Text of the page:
Len Sipes: If you’re interested in additional information or if you would like to support the National Organization for Victim Assistance in terms of this endeavor, www.trinova.org, www.trinova.org. Will, we’re going to move on to the next topic, distance learning with the victim assistance academy. You guys are doing an awful lot of training. You were doing training for the Defense Department in terms of training the trainers, if I remember a previous conversation. All throughout the history of the National Organization for Victim Assistance, you all have been involved in training victims’ advocates throughout the country, throughout the world. Then the next big step, a little while ago, last year was your work with the Defense Department and now you’re talking about a distance learning victim assistance academy. Talk to me about that please.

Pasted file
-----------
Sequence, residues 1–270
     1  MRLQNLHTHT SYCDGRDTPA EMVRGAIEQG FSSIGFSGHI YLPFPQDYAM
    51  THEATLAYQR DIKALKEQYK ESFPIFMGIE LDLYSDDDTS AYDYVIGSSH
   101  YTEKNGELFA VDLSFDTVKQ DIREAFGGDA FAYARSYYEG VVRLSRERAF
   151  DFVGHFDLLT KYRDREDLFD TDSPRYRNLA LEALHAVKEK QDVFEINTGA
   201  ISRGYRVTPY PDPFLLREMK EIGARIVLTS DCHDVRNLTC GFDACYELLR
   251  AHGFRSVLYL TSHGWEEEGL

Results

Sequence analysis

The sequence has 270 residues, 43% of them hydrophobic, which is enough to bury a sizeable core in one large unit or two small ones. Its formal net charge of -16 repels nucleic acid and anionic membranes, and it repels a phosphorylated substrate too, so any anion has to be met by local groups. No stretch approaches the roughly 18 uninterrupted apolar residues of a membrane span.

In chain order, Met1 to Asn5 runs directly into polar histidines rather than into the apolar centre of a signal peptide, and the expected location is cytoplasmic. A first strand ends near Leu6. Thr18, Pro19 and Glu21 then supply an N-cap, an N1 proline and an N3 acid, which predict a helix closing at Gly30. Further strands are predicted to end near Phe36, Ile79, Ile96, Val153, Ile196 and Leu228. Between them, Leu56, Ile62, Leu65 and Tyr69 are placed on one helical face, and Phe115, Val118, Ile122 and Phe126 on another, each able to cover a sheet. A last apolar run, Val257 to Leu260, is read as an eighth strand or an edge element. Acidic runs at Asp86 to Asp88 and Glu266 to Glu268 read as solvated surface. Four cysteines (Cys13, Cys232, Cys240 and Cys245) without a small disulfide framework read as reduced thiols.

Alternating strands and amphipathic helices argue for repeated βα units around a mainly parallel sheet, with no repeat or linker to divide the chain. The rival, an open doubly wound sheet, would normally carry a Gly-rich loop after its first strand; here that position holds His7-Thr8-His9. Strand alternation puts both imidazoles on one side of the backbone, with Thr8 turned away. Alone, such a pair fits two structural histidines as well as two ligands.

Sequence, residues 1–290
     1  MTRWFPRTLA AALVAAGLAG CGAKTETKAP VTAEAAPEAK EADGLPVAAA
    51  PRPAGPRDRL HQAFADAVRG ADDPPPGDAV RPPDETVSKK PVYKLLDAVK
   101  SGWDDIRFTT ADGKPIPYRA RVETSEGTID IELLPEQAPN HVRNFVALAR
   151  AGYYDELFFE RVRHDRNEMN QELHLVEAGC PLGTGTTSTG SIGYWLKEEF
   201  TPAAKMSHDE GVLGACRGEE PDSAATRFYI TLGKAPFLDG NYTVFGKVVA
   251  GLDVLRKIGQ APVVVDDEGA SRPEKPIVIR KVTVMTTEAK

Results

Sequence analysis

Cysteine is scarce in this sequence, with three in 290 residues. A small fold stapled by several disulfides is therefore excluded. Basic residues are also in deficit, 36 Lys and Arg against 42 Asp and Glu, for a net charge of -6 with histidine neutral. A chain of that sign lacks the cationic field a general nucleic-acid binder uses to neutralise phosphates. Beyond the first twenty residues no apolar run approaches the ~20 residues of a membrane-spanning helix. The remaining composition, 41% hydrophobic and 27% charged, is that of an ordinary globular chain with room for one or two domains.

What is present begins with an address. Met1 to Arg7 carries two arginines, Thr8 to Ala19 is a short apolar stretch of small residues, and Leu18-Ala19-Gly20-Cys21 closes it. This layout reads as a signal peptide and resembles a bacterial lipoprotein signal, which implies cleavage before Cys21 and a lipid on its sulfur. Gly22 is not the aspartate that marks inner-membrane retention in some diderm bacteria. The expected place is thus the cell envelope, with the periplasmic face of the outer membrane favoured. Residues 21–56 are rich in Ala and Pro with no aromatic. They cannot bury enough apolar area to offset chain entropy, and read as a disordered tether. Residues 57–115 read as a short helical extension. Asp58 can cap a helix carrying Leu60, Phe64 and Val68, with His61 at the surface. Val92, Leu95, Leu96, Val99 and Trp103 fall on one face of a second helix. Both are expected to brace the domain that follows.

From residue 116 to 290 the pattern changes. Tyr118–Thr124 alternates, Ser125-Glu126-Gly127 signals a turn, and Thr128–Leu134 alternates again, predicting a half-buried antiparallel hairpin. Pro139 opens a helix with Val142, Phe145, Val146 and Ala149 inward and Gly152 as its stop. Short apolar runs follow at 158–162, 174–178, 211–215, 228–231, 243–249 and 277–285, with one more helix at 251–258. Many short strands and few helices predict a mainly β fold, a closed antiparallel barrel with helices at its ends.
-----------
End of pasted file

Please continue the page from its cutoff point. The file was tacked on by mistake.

Will Marling: Yeah, thanks. Just stepping back a little bit just to you know quantify what we’re doing. You’re exactly right, we do a lot of training and it’s in particular in this area of victim advocacy and our side of house with crisis response. Lot of these things revolve around the skills necessary to advocate for people but also trauma mitigation, trauma education in working with those harmed by crime and crisis. With the Department of Defense, we are actually the secretariat for the SAC-P. The Department of Defense Sexual Assault Advocate Certification Program. So we’ve actually collected subject matter experts and they are part of a committee built upon the national advocate-credentialing program that certifies victim advocates specifically in the United States military, all branches. And that’s been a wonderful experience for us of course and we’ve been grateful for the privilege of serving in that way, but also encouraged by steps, small and large, that are being taken in dealing with sexual assaults specifically in the military. And out of that kind of context of seeing needs and the like, we hit on this issue of a distance learning victim assistance academy. Now let me explain that one. Since the mid 80s, when we actually have the vocation of victim advocate emerge, there are a number of states who have developed their own victim assistance academies. And it’s kind of a standard approach, standardized approach, with a 40-hour basic training that touches very skill-based aspects of advocacy. And it’s a very important training, in fact, it’s foundational if you’re going to be a national advocate, nationally advocated credentialed person, you’re going to have at least a 40-hour basic, and what we discovered in our work was that not only are there a number of states that don’t have academies, but are a number of people who are far-flung who don’t have access to that kind of training very readily. And so we have recently launched NOVA’s national victim assistance academy, and it’s a distance-learning concept. In other words, it’s real time, with an instructor, using technology, so that there’s a classroom and people are logging in, in their remote sectors and they’re seeing the instructor as well as seeing a presentation and they can talk to the professor. In fact, we encourage that; we encourage live audio Q&A interaction. And the powerful thing about this is that distance learning dimension means that distance is removed. People are actually taking this training in all parts of the world. All across our country, they’re in Asia; they’re in Europe, and other parts. So we are not only pleased and honored by this, we find that people are extremely receptive to this, plus the instructors we’ve lined up are heroes in this field. Incredible subject matter experts, and many people simply wouldn’t get access to them otherwise, you know, we just can’t ship them around. So it’s a great step for us.